Chop off the top!


Next time you’re shopping for a houseplant, stop by the produce section at the grocery store, and pick up a pineapple. Yes, you read that correctly. If you have a pineapple, you can grow another one. Once you’ve chopped up the edible flesh, don’t toss the remnants away. Recycle the pineapple’s top—if replanted, it can regrow into a houseplant that will produce fruit. This easy indoor gardening method is a fun project for the whole family to take part in. Follow the steps below for cultivating this tropical houseplant at home.

First, prep your pineapple. Twist off the leafy top, and strip off some of the lower leaves so a few inches of the stem are exposed. The root bud should be visible. Set the pineapple crown aside for several days to allow the cut end to dry out before planting (which will help prevent rot).

Try one of two common planting techniques. The first method is to place the dried pineapple crown in a cup of water, so that only the stem is submerged. Put the cup in bright, indirect sunlight for about three weeks while the roots begin to grow. Be sure to change the water every couple of days. When the roots have grown about 2 or 3 inches long, it’s time to transplant the pineapple crown. Choose a container with good drainage, and fill it will a mixture of potting soil, sand, and perlite. Plant the crown so that the lowest leaves are just above the soil. Pack the soil tightly around the stem to keep it standing upright. Place the pot in bright, indirect light; choose a humid spot that will mimic the plant’s native tropical environment. For best results, give the houseplant six hours of sunlight per day. Water it regularly. Feed the plant a water-soluble fertilizer once a month in spring and summer.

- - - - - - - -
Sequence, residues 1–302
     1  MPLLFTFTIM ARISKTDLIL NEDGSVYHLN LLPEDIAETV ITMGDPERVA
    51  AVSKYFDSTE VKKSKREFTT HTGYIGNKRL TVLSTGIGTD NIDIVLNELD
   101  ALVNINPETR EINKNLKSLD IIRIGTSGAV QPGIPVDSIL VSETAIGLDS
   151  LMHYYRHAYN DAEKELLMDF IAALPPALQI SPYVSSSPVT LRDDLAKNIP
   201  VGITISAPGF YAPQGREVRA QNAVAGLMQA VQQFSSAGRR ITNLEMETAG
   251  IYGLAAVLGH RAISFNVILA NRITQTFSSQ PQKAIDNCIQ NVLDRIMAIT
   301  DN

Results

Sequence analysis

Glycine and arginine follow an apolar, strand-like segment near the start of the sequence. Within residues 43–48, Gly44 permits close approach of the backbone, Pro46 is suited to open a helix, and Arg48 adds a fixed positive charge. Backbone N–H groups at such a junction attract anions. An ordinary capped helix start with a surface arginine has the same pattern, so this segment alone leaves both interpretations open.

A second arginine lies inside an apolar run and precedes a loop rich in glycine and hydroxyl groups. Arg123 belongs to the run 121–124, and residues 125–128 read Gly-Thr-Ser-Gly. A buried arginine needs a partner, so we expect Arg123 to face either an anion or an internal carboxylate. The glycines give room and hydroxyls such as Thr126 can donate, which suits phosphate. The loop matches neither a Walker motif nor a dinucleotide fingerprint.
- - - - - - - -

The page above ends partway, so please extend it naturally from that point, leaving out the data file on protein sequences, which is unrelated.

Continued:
Or, you could skip soaking step and directly plant the dried pineapple crown into a container. Fill it with the same soil mixture and give the same amount of water and light as listed above. About two or three weeks after planting, new leaves will begin to emerge from the middle of the pineapple crown. Be patient—it could take around two years for the plant to start blooming and a few more months after that for a fruit to start growing. But when you see a tiny pineapple start emerging from the leaves, you’ll know it was worth the wait.